If your school is thinking about updating its play equipment, you may well ask what is the best play equipment for a school to have? There is no single answer to this question as every school has different needs and what might be great for one, won’t necessarily suit another. However, this article is intended to help you look at the various options early in the playground buying process so you can get the best possible result for your school.
What are most schools looking for when buying playground equipment?
- A solution to the problem of the children not having enough to do in their lunch breaks and ending up with other problems like bullying as a result
- To encourage more voluntary physical exercise and to help build strength, wellness and stamina
- Students need to exercise to increase circulation which results in better classroom concentration
- Children need to improve their gross motor skills (eg: hand and foot co-ordination) & teaching staff have identified this as a problem
- The children need opportunities to develop social skills and playing together develops this
- Children are not interacting with nature and natural play elements enough
Apart from the play experience needs of the children, there are other factors to consider as well:
- What kind of budget is available – are funds already set aside for the project or are they still being raised?
- What will the maintenance requirements consist of – what will be required to keep the play area in good condition?
- What kind of space is available – is the play area in a large open space or in a tight corner between buildings?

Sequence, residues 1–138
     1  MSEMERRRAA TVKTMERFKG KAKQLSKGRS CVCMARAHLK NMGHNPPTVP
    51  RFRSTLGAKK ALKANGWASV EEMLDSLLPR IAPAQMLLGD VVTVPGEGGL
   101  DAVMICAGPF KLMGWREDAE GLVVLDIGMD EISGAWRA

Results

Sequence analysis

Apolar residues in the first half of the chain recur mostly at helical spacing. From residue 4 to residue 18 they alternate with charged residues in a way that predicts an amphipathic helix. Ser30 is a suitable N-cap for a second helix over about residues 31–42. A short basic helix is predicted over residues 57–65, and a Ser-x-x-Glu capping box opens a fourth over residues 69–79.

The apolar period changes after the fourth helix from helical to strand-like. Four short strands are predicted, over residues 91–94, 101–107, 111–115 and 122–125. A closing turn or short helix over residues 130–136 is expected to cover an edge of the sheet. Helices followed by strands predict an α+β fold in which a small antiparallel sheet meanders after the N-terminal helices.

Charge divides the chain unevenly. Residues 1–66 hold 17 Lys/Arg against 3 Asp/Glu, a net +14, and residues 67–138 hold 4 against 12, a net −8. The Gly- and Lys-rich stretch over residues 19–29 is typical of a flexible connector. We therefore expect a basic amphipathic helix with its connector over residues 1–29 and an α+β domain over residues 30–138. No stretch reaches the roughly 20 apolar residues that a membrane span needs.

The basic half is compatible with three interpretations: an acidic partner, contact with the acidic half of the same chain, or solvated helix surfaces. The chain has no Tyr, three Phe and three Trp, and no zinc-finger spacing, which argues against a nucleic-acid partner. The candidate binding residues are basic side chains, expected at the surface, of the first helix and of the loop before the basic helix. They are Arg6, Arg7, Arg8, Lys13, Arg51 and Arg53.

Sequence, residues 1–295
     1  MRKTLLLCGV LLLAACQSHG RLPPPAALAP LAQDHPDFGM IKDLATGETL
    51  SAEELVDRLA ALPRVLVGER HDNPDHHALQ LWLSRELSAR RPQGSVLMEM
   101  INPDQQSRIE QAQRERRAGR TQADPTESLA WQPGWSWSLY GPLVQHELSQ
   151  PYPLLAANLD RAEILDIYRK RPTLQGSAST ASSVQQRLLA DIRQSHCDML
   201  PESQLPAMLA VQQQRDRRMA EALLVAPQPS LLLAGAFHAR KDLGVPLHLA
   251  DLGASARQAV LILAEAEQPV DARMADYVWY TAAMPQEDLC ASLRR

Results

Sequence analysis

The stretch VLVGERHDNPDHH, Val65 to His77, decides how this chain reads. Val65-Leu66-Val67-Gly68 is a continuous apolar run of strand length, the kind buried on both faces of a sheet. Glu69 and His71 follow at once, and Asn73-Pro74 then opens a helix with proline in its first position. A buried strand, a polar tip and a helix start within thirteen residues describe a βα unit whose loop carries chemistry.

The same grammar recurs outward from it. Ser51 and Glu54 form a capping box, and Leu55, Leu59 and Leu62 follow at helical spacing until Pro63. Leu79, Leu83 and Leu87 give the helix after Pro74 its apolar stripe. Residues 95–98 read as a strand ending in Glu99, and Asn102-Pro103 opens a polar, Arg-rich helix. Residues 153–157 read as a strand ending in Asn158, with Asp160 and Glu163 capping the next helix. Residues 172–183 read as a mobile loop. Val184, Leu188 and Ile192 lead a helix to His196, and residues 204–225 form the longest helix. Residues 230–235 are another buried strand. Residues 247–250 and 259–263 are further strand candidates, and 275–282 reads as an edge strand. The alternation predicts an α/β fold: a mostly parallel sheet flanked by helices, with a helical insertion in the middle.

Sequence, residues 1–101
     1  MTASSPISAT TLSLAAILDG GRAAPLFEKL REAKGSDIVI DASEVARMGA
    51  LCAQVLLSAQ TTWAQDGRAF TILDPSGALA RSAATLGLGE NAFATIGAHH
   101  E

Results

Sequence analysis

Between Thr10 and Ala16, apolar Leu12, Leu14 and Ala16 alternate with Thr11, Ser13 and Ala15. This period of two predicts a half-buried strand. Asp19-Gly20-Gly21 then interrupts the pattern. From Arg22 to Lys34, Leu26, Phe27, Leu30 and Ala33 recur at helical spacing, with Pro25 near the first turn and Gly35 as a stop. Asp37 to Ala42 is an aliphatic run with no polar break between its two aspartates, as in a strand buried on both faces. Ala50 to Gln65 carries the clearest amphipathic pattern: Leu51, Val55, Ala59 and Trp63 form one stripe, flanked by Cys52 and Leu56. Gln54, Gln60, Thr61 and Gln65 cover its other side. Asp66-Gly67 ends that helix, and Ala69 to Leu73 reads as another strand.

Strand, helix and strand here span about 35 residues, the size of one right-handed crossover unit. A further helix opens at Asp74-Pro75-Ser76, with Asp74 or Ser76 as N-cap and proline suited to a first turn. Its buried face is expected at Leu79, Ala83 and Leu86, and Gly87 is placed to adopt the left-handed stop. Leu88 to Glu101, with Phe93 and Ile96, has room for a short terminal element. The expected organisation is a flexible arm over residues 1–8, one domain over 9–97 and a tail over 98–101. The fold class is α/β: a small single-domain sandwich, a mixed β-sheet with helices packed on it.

- What will the likely number of users be – how many children could be using the equipment at the same time?
- What age is it for? This will be a big factor in the design of the playground
- Will children with special needs be using it? Whether it will need an inclusive design is a very important factor.
What types of play equipment are available to schools and which ones will satisfy the most needs?
- Traditional playground equipment
- Individual play elements
- Natural play – or a combination of any of the above
Traditional – this is the most common play equipment found in parks and schools across the land. It is very popular as it is the most cost effective, fits the most play value into a small space and challenges the physical abilities of a broad age range of children. It can also hold large numbers of children at one time. For Children’s Climbing Frames, visit http://www.niclimbingframes.com/climbing-frames.
Individual Play – this is a play area made up of separate play units like climbing nets, rockwalls and spinning items. They do take up more space as a result and require bigger soft-fall areas than traditional equipment.
Natural Play – otherwise known as natural playscapes, these are becoming more and more popular with a growing need for children to be engaging with natural elements. These areas require careful planning and design for the best results but encouraging play using natural elements like logs, rocks and plants is really exciting.